Week Two – “blue plate special”

Lunch Time Devotionals


Mark 2:17 “On hearing this, Jesus said to them, “It is not the healthy who need a doctor, but the sick. I have not come to call the righteous, but sinners.”

“Who Needs a Doctor?”

The setting of today’s passage is Jesus eating dinner at Levi’s house with many tax collectors. In those days, the word for tax collector was synonymous with sinners. No one liked them! The Pharisees were a powerful group. They were set “apart” from others and focused on external observance of the Law. When they prayed, they made sure everyone heard it. When they fasted, they made sure everyone knew that they were hungry! Since the Pharisees were focused on the externals, they were critical of Jesus dining with “sinners.”

Jesus response was simple, yet incisive. “It is not the healthy who need a doctor, but the sick. I have not come to call the righteous, but sinners.” Since the Pharisees did not consider themselves as sick, they did not need Jesus’ intervention. So, Jesus was spending time with the people who acknowledged their need for Him!

People without known medical problems or symptoms rarely, if ever, seek medical attention. It is the sick who seek intervention. Unfortunately, the Pharisees did not know they were ill. It is analogous to a person with severe coronary artery disease without chest pain. This person is oblivious to impending physical disaster, just as the Pharisees were oblivious to their impending spiritual disaster.

The reality is that: “All have sinned and fall short of the glory of God.” (Romans 3:23). Jesus said, “Blessed are the poor in spirit…” (Matthew 5:3). In other words, blessed are those who understand that there is no true righteousness apart from Him.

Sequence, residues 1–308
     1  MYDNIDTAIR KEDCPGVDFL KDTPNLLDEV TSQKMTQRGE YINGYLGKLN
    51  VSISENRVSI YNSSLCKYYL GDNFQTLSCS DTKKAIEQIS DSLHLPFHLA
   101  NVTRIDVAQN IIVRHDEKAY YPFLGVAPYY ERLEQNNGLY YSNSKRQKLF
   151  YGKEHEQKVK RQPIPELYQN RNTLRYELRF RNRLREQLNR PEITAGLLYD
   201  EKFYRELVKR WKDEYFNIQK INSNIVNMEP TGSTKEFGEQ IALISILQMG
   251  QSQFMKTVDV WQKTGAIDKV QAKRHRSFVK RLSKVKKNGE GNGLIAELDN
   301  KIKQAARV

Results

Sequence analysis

We all are spiritually ill. We all need spiritual intervention by Jesus. Humble yourself before the Lord!


Mark 4:18-19 “Still others, like seed sown among thorns, hear the word; but the worries of this life, the deceitfulness of wealth and the desires for other things, come in and choke the word, making it unfruitful.”


In the “rat race” of life, there are many, many things that divert our attention from God. These things are called “thorns.” What are they? Thorns are anything that causes one to worry. They are concerns over material things and wealth. They may be concerns over your health or concern for family or loved ones. In short, anything or any activity which doesn’t focus us on God in a “thorn.”

When you worry about anything, you are basically saying, “God doesn’t know what He is doing with my life.” You are saying that God is not sufficient or He is uninformed. Any variation on this theme is theologically wrong and will impair your spiritual growth.

Concern for wealth or things is equally detrimental. Again, you are saying, “God doesn’t know what I need. He doesn’t know what makes me content. Remember, “Where your treasure is, there your heart will be also.” (Matthew 6:21). If you are focused on wealth and possessions, your heart’s focus will not be on God. He wants your undivided attention! “Seek first the kingdom of God and His righteousness…” (Matthew 6:33).

To grow spiritually, you must eliminate these “thorns.” You cannot just chop them off or spray them with “Round-up.” These thorns must be pulled out by the roots. What is choking out your growth? What thorns do you need to eliminate? You must do it. God won’t do it for you. It’s your choice. He made us with free will. If you are effective, you will be commended by the Lord!


Mark 7:8 “You have let go of the commands of God and are holding on to the traditions of men.”

“The Commands of God”

In our passage today from Mark 7, Jesus and His disciples were eating. They were observed by the Pharisees. Remember them? This group of men prided themselves on their external behavior. They noticed that Jesus and the disciples did not ceremonially wash before they ate. The Pharisees seized the opportunity to criticize Jesus. What was Jesus’ reply? “These people honor me with their lips, but their hearts are far from me. They worship me in vain; their teachings are but rules taught by men.” (Mark 7:6-7).